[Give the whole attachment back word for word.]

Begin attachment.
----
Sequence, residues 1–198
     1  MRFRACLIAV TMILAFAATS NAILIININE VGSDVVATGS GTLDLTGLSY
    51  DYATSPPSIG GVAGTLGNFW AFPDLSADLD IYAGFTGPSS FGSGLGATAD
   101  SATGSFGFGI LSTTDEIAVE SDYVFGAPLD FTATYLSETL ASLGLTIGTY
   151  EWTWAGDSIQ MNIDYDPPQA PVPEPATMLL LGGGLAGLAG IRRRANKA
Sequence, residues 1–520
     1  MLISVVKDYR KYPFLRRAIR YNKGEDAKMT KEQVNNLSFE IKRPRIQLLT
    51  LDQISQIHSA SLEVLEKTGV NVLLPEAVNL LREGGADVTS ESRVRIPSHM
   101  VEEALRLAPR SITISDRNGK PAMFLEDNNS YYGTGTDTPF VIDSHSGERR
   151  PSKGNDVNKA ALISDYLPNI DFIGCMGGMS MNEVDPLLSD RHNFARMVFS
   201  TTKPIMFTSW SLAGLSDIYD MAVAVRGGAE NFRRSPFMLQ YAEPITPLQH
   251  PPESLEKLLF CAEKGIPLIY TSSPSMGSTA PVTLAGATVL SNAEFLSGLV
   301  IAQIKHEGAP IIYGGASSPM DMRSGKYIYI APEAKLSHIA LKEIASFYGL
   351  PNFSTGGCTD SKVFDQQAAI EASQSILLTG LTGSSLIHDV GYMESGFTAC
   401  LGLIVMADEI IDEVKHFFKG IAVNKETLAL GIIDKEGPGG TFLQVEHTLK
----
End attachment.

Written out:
Sequence, residues 1–198
     1  MRFRACLIAV TMILAFAATS NAILIININE VGSDVVATGS GTLDLTGLSY
    51  DYATSPPSIG GVAGTLGNFW AFPDLSADLD IYAGFTGPSS FGSGLGATAD
   101  SATGSFGFGI LSTTDEIAVE SDYVFGAPLD FTATYLSETL ASLGLTIGTY
   151  EWTWAGDSIQ MNIDYDPPQA PVPEPATMLL LGGGLAGLAG IRRRANKA
Sequence, residues 1–520
     1  MLISVVKDYR KYPFLRRAIR YNKGEDAKMT KEQVNNLSFE IKRPRIQLLT
    51  LDQISQIHSA SLEVLEKTGV NVLLPEAVNL LREGGADVTS ESRVRIPSHM
   101  VEEALRLAPR SITISDRNGK PAMFLEDNNS YYGTGTDTPF VIDSHSGERR
   151  PSKGNDVNKA ALISDYLPNI DFIGCMGGMS MNEVDPLLSD RHNFARMVFS
   201  TTKPIMFTSW SLAGLSDIYD MAVAVRGGAE NFRRSPFMLQ YAEPITPLQH
   251  PPESLEKLLF CAEKGIPLIY TSSPSMGSTA PVTLAGATVL SNAEFLSGLV
   301  IAQIKHEGAP IIYGGASSPM DMRSGKYIYI APEAKLSHIA LKEIASFYGL
   351  PNFSTGGCTD SKVFDQQAAI EASQSILLTG LTGSSLIHDV GYMESGFTAC
   401  LGLIVMADEI IDEVKHFFKG IAVNKETLAL GIIDKEGPGG TFLQVEHTLK